Gov. Snyder Wants Fast Review Of Emergency Manager Law
LANSING (WWJ) – Governor Rick Snyder is asking the Michigan Supreme Court to immediately consider a challenge to a law that gives broad powers to the state’s Emergency Managers.
Tova Perlmutter is the Executive Director of the Sugar Law Center, which is challenging the law. The center claims the law unconstitutional and strips citizens of their voting rights.
“Rushing to the Supreme Court means bypassing important procedures that exist for a reason. The trial court and appeals court levels, but particularly the trial court in our system, have a set of procedures and capacity to look at the facts of the matter.”
Perlmutter said that doesn’t happen at the high level courts.
“Evidently, the passage of this law involves a perspective and a philosophy that says that fair process doesn’t matter, input from all stake-holders doesn’t matter, decisions are better if they are simple and fast.”
Perlmutter called Gov. Snyder’s actions to speed up a challenge to the law a “simple mistrust” of democracy.
Sugar Law represents 28 plaintiffs from throughout Michigan who filed suit against Michigan Public Act 4, the Emergency Manager law, in Ingham County Circuit Court on June 22. Last Friday, Gov. Snyder filed an “executive message” with the Supreme Court asking that the case be certified to go directly to the Supreme Court.
Appointed by the state to take control of struggling municipalities and school districts, Emergency Managers could modify or end union contracts, order elections to raise or extend property taxes, or take a host of other actions. A manager could also recommend that local governments consolidate and, with the Gov.’s approval, could dissolve a municipal government.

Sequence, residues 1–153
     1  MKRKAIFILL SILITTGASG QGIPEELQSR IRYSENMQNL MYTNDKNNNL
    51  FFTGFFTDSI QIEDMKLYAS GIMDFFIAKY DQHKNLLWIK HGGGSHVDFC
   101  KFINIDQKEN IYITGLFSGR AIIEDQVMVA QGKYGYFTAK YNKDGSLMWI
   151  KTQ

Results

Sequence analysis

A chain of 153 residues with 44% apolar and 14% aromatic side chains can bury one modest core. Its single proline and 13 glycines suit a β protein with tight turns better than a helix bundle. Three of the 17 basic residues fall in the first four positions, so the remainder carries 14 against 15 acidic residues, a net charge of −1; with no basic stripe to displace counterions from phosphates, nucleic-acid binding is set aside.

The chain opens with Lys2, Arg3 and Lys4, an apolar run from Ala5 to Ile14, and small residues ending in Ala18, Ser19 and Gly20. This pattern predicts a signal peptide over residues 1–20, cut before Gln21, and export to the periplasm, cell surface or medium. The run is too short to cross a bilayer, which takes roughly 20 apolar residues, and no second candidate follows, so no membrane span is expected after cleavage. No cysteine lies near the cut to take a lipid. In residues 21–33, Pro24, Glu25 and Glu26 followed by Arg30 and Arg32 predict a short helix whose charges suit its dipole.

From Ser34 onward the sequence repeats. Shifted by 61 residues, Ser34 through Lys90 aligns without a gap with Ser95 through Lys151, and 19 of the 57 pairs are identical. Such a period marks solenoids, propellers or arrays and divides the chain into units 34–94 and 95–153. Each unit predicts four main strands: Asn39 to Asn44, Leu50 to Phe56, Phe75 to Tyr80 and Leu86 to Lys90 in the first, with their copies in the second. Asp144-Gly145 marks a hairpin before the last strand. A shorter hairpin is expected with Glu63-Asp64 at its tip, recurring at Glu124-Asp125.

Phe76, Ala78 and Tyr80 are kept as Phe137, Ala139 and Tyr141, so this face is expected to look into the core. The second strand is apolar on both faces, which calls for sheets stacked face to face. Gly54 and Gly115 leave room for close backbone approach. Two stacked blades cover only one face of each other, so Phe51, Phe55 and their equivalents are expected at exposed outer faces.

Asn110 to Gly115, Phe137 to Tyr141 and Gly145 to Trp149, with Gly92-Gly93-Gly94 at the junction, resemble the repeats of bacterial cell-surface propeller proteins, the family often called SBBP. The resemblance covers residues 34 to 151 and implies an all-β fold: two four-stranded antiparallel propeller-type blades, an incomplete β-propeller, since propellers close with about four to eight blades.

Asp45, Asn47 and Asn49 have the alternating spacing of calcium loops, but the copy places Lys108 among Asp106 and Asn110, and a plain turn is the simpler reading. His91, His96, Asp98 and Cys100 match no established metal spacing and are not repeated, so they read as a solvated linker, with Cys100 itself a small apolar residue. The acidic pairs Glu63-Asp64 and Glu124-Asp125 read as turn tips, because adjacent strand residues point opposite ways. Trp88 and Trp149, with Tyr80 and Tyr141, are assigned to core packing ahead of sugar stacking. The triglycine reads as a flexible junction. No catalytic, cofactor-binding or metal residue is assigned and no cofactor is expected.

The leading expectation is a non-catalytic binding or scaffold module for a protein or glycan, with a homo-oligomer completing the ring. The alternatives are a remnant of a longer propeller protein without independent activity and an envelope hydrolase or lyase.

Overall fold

The citizens’ lawsuit says the emergency manager law violates the Michigan Constitution by:
- Suspending home rule, by giving managers power to repeal local laws, ordinances, charters and contracts
- Effectively eliminating citizens’ rights to vote for and petition local government on matters of local concern
- Violating the separation of powers, by allowing the executive branch and its agencies to exercise legislative duties
- Allowing the Legislature to enact unfunded mandates, by using local taxpayer dollars for such purposes as managers’ salaries and staff
Snyder said the law lets the state offer help earlier when governments are in financial distress, instead of having to wait until they are on the brink of bankruptcy.
WWJ Newsradio has obtained copies of three documents filed in the case. Click below to open the PDF files.